Ever dreamt about escaping the ordinary and just for once in your life, witnessing something completely different from what we grasp as normal? Experiencing a cultural show in Papua New Guinea was a dream come true. As our guide drove us further away from civilization, a stunning scenery of green luscious mountain hilltops unfolded in front of us. “Wow, this is so beautiful. Is this what the world used to look like before it became industrialized?” The car is getting closer to the village, people is waving and smiling at us as we drive by. We reach our destination, and are greeted by two women and two girls. One of the girls is holding a knife in her hand. What a friendly welcome, no not worried at all. Me and Morten look at each other, and we both have the same “yikes” on our faces. Please god, don’t tell me this is a village of cannibals.
Our guide goes to park the car, and tells us to follow the women. We can hear drums, and our eyes sparkle with excitement. Is this actually happening? I feel like a child about to open her first Christmas present. My heart is racing and all I wanna do is run towards the sound of the drums. The sound is getting louder, the pace is getting faster and we can hear distinct sound of singing. We walk 100 meters, and we catch our first glimpse of one of the performers. My jaw fell to the ground. Beautiful headpieces covered in colorful feathers, red body paint, yellow flowers around their arms. The women are topless, and only covered with a pink skirt made by the Sago plant. The men have a cloth to cover their private parts, with tasles around their ankles. The villagers of the Haliku tribe show us to a couple of tree logs under the shade, where we could sit and enjoy the show.
“What exactly is a sing sing and what are they singing about?” We ask our guide. “A sing sing is a dance and song about everyday life. They come together and sing about motherhood, fatherhood, about life in the village. The birds, the bees and the insects. They sing about life and death. Every village has a different sing sing, with different costumes and clothing.” The guide goes on to explain that a village will have a sing sing for different celebrations, like when a boy in the age of 14-16, leaves boyhood and enters adulthood. Every year there is a big cultural performance in Mt. Hagan for 3 weeks where all the villagers come together, and put on one extraordinary show. This is your best chance of seeing the different tribes, and the different sing sing. As I sit and enjoy this once in a lifetime experience, I promise myself that I will come back in a year or two to experience the annual sing sing.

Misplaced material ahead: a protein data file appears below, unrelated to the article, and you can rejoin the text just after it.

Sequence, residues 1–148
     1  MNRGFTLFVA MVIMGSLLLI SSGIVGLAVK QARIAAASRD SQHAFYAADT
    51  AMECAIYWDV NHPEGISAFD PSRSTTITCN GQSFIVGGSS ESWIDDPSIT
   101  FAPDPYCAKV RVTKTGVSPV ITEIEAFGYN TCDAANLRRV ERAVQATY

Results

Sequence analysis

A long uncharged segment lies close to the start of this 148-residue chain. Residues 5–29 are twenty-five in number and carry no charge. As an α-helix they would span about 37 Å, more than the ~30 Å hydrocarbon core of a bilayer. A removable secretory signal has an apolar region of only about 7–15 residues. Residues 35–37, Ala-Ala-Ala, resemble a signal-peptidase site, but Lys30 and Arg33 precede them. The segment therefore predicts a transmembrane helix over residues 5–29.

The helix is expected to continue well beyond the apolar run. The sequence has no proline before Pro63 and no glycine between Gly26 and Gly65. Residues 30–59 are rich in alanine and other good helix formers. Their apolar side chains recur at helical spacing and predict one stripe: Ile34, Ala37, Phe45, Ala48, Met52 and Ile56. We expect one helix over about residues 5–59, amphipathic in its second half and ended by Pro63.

This man was one the most energetic performers. To quote the guide “when they first start, they won’t stop.” We were worried that because we payed for a private show, they would feel forced to perform. But they loved it, the show went on and on because they genuinely love to show their culture to visitors. The Haliku tribe takes great pride in their heritage. And we can see why. It really is something emotional to encounter people who are so in touch with their culture, and lives in harmony with nature. The culture of Papua New Guineans is special. It’s different from what we know. In this world that we live in, and take so for granted, where we are so preoccupied with social media and materialistic things, it’s beautiful to see that there still exists communities where social interactions is more important, than materialistic items, like a cellphone. Papua New Guinea has without a doubt found a special place in my heart.
A part of the womens costumes consists of body jewelry made of shells, horns of a wild hog, flowers in their hair and yellow plants as an arm bracelet. This little girl is concentrating on the guide as he tells them where we’re from.